Lance Armstrong challenged the United States Anti-Doping Agency to name names and show what it had on him.
On Wednesday, it did.
The anti-doping group released a report on its case against Armstrong a point-by-point roadmap of the lengths it said Armstrong went to in winning seven Tour de France titles the USADA has ordered taken away.
In more than 150 pages filled with allegations, USADA names 11 former teammates George Hincapie, Tyler Hamilton, Floyd Landis and Fort Lewis College alumnus Tom Danielson among them as key witnesses.
It details the way those men and others said drugs were delivered and administered to Armstrongs teams. It discusses Armstrongs continuing relationship with and payments to a doctor, Michele Ferrari, years after Ferrari was sanctioned in Italy and Armstrong claimed to have broken ties with him.
It presents as matter-of-fact reality that winning and doping went hand in hand in cycling and that Armstrongs teams were the best at getting it done without getting caught. He won the Tour as leader of the U.S. Postal Service team from 1999-2004 and again in 2005 with the Discovery Channel as the primary sponsor.
The report also uses Armstrongs own words against him.
We had one goal and one ambition, and that was to win the greatest bike race in the world, and not just to win it once, but to keep winning it, the report reads, quoting from testimony Armstrong gave in an earlier legal proceeding.
But, USADA said, the path Armstrong chose to pursue his goals ran far outside the rules. It accuses him of depending on performance-enhancing drugs to fuel his victories and more ruthlessly, to expect and to require that his teammates do the same.
Armstrong did not fight the USADA charges but insists he never cheated.
His attorney, Tim Herman, called the report a one-sided hatchet job a taxpayer-funded tabloid piece rehashing old, disproved, unreliable allegations based largely on axe-grinders, serial perjurers, coerced testimony, sweetheart deals and threat-induced stories.
Aware of the criticism his agency has faced from Armstrong and his legion of followers, USADA chief executive Travis Tygart insisted his group handled this case under the same rules as any other. He pointed out that Armstrong was given the chance to take his case to arbitration, and he declined, choosing in August to accept the sanctions instead.
We focused solely on finding the truth without being influenced by celebrity or noncelebrity, threats, personal attacks or political pressure because that is what clean athletes deserve and demand, Tygart said.
Some of the newest information never spelled out in detail before Wednesday included USADAs depiction of Armstrongs continuing relationship with Ferrari. Like Armstrong, he has received a lifetime ban from USADA.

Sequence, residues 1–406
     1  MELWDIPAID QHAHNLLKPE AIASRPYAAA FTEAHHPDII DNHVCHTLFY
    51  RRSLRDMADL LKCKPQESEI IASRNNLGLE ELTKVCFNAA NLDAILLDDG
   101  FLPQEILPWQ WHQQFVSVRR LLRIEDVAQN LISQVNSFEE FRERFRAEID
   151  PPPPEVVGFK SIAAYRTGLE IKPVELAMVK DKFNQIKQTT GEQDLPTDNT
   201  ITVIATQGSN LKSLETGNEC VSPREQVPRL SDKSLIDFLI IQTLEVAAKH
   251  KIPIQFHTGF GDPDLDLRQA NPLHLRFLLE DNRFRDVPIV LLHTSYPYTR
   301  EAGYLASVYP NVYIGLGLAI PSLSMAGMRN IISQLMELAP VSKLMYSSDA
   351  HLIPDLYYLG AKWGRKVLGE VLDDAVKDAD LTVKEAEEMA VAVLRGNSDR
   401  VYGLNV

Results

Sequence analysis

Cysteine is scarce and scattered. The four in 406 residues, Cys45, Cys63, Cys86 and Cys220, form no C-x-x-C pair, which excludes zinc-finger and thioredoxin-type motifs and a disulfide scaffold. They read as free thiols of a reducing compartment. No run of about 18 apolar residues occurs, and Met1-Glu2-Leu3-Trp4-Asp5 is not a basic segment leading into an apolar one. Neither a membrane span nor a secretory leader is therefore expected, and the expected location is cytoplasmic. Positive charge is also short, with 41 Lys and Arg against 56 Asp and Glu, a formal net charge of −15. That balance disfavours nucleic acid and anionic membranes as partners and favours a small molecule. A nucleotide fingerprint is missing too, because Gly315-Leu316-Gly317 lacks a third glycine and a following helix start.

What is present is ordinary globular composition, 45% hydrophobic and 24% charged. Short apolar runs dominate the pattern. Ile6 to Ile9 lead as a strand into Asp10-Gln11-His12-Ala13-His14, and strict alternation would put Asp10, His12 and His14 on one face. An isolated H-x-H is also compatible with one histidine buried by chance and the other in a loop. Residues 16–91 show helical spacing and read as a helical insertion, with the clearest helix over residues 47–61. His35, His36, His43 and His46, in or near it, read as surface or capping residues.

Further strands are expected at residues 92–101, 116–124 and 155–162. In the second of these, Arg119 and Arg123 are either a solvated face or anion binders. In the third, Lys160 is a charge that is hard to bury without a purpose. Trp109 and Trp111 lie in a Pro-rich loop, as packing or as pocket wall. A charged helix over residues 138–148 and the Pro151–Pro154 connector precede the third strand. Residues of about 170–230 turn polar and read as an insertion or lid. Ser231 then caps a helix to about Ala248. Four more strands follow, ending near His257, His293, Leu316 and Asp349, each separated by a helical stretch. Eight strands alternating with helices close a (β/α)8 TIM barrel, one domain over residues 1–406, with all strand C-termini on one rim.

Ferrari, long thought of as the mastermind of Armstrongs alleged doping plan, was investigated in Italy, and Armstrong claimed he had cut ties with him after a 2004 conviction. USADA cited financial records that show payments of at least $210,000 in the two years after that.
The repeated efforts by Armstrong and his representatives to mischaracterize and minimize Armstrongs relationship with Ferrari are indicative of the true nature of that relationship, the report said. If there is not something to hide, there is no need to hide it and certainly no need to repeatedly lie about it.
In some ways, the USADA report simply pulled together and amplified allegations that have followed Armstrong ever since he beat cancer and won the Tour for the first time. At various times and in different forums, Landis, Hamilton and others have said Armstrong encouraged doping on his team and used banned substances himself.
While the arguments about Armstrong will continue among sports fans and there still is a question of whether USADA or the International Cycling Union (UCI) has ultimate control of taking away his Tour titles the new report put a cap on a long round of official investigations. Armstrong was cleared of criminal charges in February after a federal grand jury probe that lasted about two years.
Tygart said evidence from 26 people, including 15 riders with knowledge of the U.S. Postal Service teams doping activities, provided material for the report. Other cyclists interviewed by USADA included Frankie Andreu, Michael Barry, Levi Leipheimer, Stephen Swart, Christian Vande Velde, Jonathan Vaughters and David Zabriskie.